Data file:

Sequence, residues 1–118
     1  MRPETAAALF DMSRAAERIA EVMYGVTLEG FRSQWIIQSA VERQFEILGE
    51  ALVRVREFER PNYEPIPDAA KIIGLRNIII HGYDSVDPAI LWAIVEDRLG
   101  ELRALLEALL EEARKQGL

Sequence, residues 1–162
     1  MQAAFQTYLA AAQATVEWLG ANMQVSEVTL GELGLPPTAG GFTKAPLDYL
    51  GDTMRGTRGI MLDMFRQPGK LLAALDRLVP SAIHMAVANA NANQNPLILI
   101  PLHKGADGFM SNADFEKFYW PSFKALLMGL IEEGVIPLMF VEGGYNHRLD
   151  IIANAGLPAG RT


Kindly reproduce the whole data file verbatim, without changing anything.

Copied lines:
Sequence, residues 1–118
     1  MRPETAAALF DMSRAAERIA EVMYGVTLEG FRSQWIIQSA VERQFEILGE
    51  ALVRVREFER PNYEPIPDAA KIIGLRNIII HGYDSVDPAI LWAIVEDRLG
   101  ELRALLEALL EEARKQGL

Sequence, residues 1–162
     1  MQAAFQTYLA AAQATVEWLG ANMQVSEVTL GELGLPPTAG GFTKAPLDYL
    51  GDTMRGTRGI MLDMFRQPGK LLAALDRLVP SAIHMAVANA NANQNPLILI
   101  PLHKGADGFM SNADFEKFYW PSFKALLMGL IEEGVIPLMF VEGGYNHRLD
   151  IIANAGLPAG RT